A special Full Bench of Justices S.U. Khan, Sudhir Agarwal and D.V. Sharma of the Lucknow Bench of the Allahabad High Court will pronounce its verdict on the Ayodhya title suits on Thursday. The final hearing began on July 23, 1996, and verdict was reserved on July 26 this year.

On one side are a number of Hindu plaintiffs, who claim that the disputed site belongs to them and is the spot where a Ram temple once existed. On the other is the Uttar Pradesh Sunni Central Wakf Board, which maintains that the site, where the Babri Masjid stood for five centuries before being demolished by mobs on December 6, 1992, is a Muslim place of worship.

The present legal battle over title has gone on for nearly 60 years. On Thursday, the court is expected to rule on that and also perhaps answer several questions framed by itself in the course of the suit. These include whether the disputed site is the birthplace of Lord Ram and whether the Babri Masjid was built after demolishing a temple there. According to the Wakf Board, the Muslims offered prayers at the mosque from 1528, when it was built by Mughal emperor Babur, up to 1949, when the gates were locked by the local administration after some miscreants — with the connivance of officials — surreptitiously placed Ram idols inside the mosque.

The mosque was razed by kar sevaks brought to the site by leaders from various parts of the country. In their submissions, the Hindu plaintiffs said their right to worship the deity of Ram Lalla, or the infant Ram, at the disputed site must be recognised by the court as “millions of Hindus” have for “several centuries” believed it to be the Lord's birthplace. Their lawyers adduced historical accounts by foreign travellers suggesting that not only before 1528, but even thereafter, Hindus have held the place itself in great reverence.

The case timeline

Idols of Rama Lalla were placed surreptitiously in the middle of the floor space under the central dome on December 23, 1949. Soon thereafter, devotees assembled there to worship. On December 29, 1949, the city magistrate exercised control over the whole area.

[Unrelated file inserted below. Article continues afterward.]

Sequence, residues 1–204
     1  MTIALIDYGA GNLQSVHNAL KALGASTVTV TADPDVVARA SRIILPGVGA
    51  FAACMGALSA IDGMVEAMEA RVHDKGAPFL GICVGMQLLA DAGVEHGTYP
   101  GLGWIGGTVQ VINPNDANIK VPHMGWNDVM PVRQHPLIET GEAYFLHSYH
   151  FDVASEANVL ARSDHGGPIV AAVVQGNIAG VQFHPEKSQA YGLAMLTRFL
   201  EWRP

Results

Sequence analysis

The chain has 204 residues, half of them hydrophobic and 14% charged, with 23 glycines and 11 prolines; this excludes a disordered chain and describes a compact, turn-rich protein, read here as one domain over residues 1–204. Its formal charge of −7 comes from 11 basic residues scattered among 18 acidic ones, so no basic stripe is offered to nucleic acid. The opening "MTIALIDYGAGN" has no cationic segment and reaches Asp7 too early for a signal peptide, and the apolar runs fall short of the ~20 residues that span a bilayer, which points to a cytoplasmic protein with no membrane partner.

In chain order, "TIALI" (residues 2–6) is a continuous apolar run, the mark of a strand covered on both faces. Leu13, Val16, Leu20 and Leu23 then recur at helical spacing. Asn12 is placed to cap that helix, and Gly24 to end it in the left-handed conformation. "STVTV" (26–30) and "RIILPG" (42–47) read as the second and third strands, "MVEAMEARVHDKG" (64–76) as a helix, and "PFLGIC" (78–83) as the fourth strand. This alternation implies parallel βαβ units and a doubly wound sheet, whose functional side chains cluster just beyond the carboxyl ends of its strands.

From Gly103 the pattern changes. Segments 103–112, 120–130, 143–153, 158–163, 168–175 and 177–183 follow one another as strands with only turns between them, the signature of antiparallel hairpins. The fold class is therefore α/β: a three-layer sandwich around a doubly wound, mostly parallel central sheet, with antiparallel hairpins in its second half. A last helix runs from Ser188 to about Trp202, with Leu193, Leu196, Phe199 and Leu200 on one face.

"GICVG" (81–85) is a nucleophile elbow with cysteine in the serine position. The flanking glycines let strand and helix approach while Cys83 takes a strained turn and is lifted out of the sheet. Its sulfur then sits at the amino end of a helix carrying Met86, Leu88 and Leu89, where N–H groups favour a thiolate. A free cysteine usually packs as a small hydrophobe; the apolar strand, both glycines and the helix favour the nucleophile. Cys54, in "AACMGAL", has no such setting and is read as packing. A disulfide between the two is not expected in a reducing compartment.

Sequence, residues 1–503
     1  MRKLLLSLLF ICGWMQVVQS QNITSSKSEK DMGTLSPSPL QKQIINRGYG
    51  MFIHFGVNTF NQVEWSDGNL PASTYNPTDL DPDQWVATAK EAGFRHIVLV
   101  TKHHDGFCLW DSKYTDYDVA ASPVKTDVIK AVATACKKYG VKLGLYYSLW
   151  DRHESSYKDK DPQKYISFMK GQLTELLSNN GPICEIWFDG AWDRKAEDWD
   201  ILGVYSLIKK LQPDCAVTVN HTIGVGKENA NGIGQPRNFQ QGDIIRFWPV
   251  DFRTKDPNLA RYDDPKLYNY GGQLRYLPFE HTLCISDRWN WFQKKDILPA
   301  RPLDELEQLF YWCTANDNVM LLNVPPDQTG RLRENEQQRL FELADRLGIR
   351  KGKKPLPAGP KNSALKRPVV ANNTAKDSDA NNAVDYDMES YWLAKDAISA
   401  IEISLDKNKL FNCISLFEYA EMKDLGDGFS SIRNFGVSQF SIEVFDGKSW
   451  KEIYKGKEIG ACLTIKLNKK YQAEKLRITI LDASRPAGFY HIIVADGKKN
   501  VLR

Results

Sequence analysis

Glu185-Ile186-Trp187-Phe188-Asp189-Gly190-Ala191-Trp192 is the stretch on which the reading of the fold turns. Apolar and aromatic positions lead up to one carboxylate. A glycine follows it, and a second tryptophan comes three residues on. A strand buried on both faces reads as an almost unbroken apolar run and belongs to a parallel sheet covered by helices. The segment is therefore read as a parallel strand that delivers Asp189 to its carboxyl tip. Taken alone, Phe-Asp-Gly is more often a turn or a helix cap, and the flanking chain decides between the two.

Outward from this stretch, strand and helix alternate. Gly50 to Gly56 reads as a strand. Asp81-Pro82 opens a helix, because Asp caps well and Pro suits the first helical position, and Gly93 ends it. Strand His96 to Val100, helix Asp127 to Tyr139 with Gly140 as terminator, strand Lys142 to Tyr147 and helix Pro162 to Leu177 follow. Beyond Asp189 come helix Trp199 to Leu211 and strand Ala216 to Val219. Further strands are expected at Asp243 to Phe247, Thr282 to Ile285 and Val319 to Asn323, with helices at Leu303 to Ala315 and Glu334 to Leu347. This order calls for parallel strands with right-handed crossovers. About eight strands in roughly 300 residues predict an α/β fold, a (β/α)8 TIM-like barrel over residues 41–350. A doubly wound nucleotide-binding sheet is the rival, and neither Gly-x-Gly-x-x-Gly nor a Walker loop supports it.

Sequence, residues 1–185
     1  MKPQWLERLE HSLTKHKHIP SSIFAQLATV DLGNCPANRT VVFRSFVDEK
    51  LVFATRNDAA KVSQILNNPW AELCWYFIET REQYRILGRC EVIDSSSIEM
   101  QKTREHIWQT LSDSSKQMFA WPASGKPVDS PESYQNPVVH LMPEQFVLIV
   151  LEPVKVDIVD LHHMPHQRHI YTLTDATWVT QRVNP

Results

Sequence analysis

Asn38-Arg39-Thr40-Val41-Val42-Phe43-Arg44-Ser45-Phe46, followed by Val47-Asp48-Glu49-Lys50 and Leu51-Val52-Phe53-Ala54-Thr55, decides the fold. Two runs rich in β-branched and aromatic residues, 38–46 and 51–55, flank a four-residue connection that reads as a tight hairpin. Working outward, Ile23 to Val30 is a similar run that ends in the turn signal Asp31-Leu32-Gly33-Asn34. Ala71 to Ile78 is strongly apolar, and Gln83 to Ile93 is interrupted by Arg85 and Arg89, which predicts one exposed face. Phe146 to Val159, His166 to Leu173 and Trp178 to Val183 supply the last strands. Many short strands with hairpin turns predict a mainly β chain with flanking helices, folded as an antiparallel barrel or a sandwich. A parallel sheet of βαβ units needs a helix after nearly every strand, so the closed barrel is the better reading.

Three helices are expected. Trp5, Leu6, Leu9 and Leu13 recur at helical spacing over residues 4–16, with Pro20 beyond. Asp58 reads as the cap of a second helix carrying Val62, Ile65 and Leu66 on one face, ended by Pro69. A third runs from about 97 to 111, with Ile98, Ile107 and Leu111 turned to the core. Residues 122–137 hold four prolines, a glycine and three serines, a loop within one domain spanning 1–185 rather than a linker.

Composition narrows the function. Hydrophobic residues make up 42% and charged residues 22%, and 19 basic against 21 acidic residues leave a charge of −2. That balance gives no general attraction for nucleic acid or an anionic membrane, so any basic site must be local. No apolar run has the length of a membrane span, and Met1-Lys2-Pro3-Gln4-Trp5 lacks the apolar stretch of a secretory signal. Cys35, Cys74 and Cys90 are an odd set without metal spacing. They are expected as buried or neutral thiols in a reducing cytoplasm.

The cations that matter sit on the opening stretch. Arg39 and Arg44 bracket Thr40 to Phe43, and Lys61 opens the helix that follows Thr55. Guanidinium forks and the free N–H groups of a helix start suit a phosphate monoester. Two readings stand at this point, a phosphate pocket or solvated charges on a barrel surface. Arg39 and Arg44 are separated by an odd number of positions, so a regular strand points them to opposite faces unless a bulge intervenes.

The first suit was filed on January 16, 1950 by Gopal Simla Visharad in the Faizabad civil court for exclusive rights to perform pooja to Ram Lalla. He sought a restraint order on removal of the idols and a temporary injunction was issued. This order was later confirmed by the civil judge and later by a Division Bench of the Allahabad High Court.

On December 5, 1950, Paramahansa Ramachandra Das also filed a suit for continuation of the pooja and keeping the idols in the Babri structure. This was pending till August 1990, when out of sheer frustration he withdrew the case.

The third suit was filed in 1959 by the Nirmohi Akhara, seeking a direction to hand over charge of the disputed site from the receiver. The fourth suit was filed in 1961 by the U.P. Sunni Central Wakf Board for a declaration and possession. The fifth suit was filed on July 1, 1989 in the name of Bhagwan Shree Ram Lalla Virajman for a declaration and possession.

On February 1, 1986, a district judge ordered the locks on the mosque removed and the site was opened for Hindu worshippers. Two years earlier, the Vishwa Hindu Parishad had begun a campaign to “liberate” the so-called birthplace of Lord Rama, and the 1986 decision was widely seen at the time as an attempt by the Congress — then in power at the Centre and in U.P. — to upstage the VHP and the Bharatiya Janata Party.

In 1989, the four suits pending in the Faizabad civil court were transferred to the High Court on an application moved by the U.P. Advocate-General.

On October 10, 1991, the U.P. government acquired the 2.77-acre of land around the disputed structure for the convenience of devotees who attend Ram Lalla darshan. On January 7, 1993, the Government of India, with the consent of Parliament, took over some 67 acres of land all around the disputed area and sought the Supreme Court's opinion on whether there existed a Hindu place of worship before the disputed structure was built. But it declined to answer the question. On October 24, 1994, it turned the case back to the Lucknow Bench of the High Court and the suits were heard again from 1996.

Long legal history

In fact, the first suit was filed in 1885, when the Faizabad Deputy Commissioner refused to let Mahant Raghubar Das build a temple on land adjoining the mosque. Das then filed a title suit in a Faizabad court against the Secretary of State for India, seeking permission to build a temple on the Chabutra on the outer courtyard of the Babri Masjid.

His suit was dismissed on grounds that the alleged demolition of an original Ram temple in 1528 had occurred over 350 years earlier, and so it was “too late now” to remedy the grievance. “Maintain status quo. Any innovation may cause more harm than any benefit,” the court said. This suit was revived in 1950.

In August 2002, the High Court ordered a survey by the Archaeological Survey of India to find out whether a temple existed below the mosque or not.

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